The documentary also excludes critics who have legitimate disagreements with Walker, such as those who say she propagates notions of gender essentialism. But Walker’s life is so eventful — and her contributions so important — that the hagiography is worth forgiving. The film begins with Walker’s origins in the rural South and follows her through her 1967 marriage to a Jewish lawyer (their nuptials were legal in New York, but not in Mississippi).

Walker became a cultural lightning rod with The Color Purple, which was met with accusations of recycling racist narratives about the dysfunctional black family. Parmar skims over Walker’s post–Purple work, but does devote considerable attention to Walker’s ongoing feud with her daughter, Rebecca, and the writer’s campaigns against female genital mutilation. (Warning: there is a split-second view of a clitoridectomy.)

“Activism is my rent for living on this planet,” Walker declares. Parmar forgets, though, that art exists so we can think about something other than the rent.


Dent May On Do Things, Mississippi, and Briefly Quitting Music

Dent May’s output can be divided into two distinct halves: biting, old-timey sardonicism (2009’s stripped-down, snark-soaked The Good Feeling Music of Dent May and His Magnificent Ukulele) and clear-eyed, enabling positivism (2012’s synth-heavy, ukulele-free Do Things). A gentlemanly uber-pop classicism governs the whole – May’s love for the Beatles, Morrissey, the Beach Boys, Randy Newman, and show tunes generally informs his songwriting – but a clear divide exists.

So it’s a relief to call the cell phone number supplied by the Oxford, Mississippi musician’s publicist and to reach neither sardonic May or positivism May, but earnest May. Tired May. Congested May. Psyched to be talking about and writing music May: an itinerant wedding/party DJ and music promoter who tried to quit music in the wake of Magnificent Ukulele and found that music couldn’t quite quit him.

Are you okay? You sound like you’re coming down with something.
I have bad allergies; Mississippi is like one of the worst places for allergies.

Where are you right now, and what are you doing?
I’m in Oxford, Mississippi. I just ate lunch, and now I’m walking around our historic downtown running some errands before my band departs for a short East Coast tour.

What are the errands?
I have to go to the music store to buy some cables, there’s some emailing and planning that has to happen; then, of course, we have to pack the van up. None of these errands are too exciting; then again, if they were, they wouldn’t be errands.

What happened to the ukulele, man? Where’d it go?
(Laughs) I had no intention of playing the ukulele for more just that one album. And I don’t know, I haven’t played the ukulele for a couple of years now. I just wanted to move on, to keep expanding my palette instead of constraining it. I don’t want to go down as the “ukulele guy.” I want to show that I can do other things, and to keep myself interested, keep people on their toes.

Three years passed between your first two albums. How has life changed for you in that period?
I was kind of fed up with music, so I stopped, but I learned that I love music. Hard work is what gives us meaning and purpose in life. I’ve gotten over a lot of the fears and anxieties I had about putting myself out there and touring. I already have a house booked to record the next album, in Florida by the beach, with a grand piano inside. I’m really excited.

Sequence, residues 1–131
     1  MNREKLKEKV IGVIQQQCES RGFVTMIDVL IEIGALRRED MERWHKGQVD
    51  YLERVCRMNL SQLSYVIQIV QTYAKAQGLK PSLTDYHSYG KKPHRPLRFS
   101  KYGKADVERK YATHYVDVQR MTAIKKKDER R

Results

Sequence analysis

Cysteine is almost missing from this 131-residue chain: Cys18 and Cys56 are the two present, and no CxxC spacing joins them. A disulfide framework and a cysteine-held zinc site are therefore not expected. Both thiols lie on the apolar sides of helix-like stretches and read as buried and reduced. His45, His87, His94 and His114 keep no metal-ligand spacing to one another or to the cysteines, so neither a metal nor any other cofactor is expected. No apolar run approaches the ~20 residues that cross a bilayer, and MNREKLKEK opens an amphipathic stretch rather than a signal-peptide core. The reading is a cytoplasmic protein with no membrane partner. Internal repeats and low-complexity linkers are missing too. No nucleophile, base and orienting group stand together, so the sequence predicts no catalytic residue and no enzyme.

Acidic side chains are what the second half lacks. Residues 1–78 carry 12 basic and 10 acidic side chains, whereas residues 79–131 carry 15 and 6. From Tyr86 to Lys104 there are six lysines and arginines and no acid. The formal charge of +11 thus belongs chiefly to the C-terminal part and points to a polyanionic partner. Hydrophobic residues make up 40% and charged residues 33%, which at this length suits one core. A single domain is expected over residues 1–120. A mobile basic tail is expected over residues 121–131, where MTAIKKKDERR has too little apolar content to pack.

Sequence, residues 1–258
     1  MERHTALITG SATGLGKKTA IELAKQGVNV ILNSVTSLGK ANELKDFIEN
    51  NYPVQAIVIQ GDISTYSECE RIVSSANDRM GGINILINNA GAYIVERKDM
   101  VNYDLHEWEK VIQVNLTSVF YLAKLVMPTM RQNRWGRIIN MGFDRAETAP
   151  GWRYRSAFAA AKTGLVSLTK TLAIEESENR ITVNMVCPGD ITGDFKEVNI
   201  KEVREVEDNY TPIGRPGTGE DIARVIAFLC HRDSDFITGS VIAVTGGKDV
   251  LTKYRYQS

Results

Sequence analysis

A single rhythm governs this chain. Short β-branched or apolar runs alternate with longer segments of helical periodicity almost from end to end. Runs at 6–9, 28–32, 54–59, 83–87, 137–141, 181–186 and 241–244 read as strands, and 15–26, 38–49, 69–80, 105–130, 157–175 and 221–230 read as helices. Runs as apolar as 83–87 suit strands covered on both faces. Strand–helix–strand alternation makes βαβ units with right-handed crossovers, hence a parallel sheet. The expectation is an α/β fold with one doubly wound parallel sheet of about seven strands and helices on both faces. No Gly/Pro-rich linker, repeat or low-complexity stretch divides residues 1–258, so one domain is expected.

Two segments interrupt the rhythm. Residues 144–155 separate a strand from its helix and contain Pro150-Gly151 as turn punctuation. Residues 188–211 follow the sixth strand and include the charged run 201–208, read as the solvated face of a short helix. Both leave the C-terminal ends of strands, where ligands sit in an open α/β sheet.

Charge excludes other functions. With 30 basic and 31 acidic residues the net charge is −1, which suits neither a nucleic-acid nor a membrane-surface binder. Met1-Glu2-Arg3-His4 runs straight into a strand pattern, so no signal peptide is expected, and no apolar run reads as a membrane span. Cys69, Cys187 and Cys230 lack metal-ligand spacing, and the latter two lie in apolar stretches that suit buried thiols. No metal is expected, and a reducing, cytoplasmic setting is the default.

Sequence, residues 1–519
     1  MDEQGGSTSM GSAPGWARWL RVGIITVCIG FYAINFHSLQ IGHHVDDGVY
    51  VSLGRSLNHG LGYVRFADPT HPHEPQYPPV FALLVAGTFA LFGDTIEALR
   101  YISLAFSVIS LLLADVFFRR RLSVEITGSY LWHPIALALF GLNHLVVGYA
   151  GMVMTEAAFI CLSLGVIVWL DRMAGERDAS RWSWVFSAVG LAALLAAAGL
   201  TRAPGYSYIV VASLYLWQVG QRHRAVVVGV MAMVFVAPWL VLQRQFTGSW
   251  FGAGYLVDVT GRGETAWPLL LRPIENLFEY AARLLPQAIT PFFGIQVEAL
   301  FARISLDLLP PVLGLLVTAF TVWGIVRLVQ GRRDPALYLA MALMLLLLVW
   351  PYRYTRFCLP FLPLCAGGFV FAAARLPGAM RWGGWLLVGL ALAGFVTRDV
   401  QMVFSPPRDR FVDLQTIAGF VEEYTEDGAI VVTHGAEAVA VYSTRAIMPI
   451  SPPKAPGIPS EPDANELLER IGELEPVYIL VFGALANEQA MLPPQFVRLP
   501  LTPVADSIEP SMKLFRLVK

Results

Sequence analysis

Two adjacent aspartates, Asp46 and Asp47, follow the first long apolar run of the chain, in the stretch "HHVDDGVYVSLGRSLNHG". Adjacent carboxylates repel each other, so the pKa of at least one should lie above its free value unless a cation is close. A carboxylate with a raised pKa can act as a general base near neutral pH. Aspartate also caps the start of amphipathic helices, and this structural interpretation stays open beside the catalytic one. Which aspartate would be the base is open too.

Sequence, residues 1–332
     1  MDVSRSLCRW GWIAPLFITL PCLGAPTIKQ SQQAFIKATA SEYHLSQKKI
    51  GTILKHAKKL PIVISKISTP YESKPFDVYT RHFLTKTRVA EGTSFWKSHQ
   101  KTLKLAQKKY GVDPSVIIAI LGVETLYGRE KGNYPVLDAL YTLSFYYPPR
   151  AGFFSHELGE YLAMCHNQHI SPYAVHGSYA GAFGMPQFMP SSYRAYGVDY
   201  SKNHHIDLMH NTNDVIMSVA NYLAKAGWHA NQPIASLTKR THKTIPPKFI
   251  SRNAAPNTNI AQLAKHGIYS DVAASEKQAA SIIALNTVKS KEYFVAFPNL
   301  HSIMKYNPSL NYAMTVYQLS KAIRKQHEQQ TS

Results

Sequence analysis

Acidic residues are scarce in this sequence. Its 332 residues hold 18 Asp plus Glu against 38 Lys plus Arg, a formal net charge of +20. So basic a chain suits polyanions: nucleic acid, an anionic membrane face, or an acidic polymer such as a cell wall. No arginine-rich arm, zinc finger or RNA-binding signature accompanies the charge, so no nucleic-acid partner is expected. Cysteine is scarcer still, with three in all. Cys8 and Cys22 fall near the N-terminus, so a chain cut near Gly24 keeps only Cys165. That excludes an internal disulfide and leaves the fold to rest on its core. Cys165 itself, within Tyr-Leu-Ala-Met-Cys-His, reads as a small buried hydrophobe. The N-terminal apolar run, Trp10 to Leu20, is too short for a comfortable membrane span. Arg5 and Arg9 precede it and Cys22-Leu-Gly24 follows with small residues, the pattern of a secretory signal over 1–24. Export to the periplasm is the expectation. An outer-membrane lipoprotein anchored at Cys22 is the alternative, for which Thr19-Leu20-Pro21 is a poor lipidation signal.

The songs are definitely a continuation of the songs on Do Things; they’re very open and very simple, but I feel they reveal a lot of complexities. The album will use a lot more organic textures; it’ll be less retro and feature more piano and live horns, and I might invite other musicians to play. [May played all of the instruments on his first two albums.] I want each album to be more and more ambitious; I want to keep improving as a musician and as a person.

Since your debut, you seem to have made a bit of a shift in terms of approach. On The Good Feeling Music of Dent May and His Magnificent Ukulele, it felt like you were having a laugh at the expense of cultural caricatures; on Do Things, you seem to be in a more positive, inspirational/aspirational frame of mind. Before you were like a comedian; now you come across more like a counselor or life coach. Is that a change that you were aware of?

It was definitely something that happened over time, rather than a conscious decision. After the ukulele album, I didn’t write a new song for two years. I didn’t know what to say or how to say it. In the future, I want to find a balance between the (Good Feel Music…) approach and the (Do Things) approach, But I don’t want to laugh at people more. I wanna make people happy.

Growing up, how did you start writing songs? Was there anyone in particular who you were inspired by early on?
Not really. My first music experience came while attending a performing arts school. I grew up in my parents’ church singing in choirs. I took guitar lessons in the sixth grade and learned pop songs: Weezer, Third Eye Blind, Green Day. My parents listened to soft pop like The Bee Gees and John Denver.

So much of rock’n’roll is about trying to be cool – and to me, that’s cheesy.

Going back to the first album, I’ve always wondered if any of the songs were self-directed, or aimed at people you know.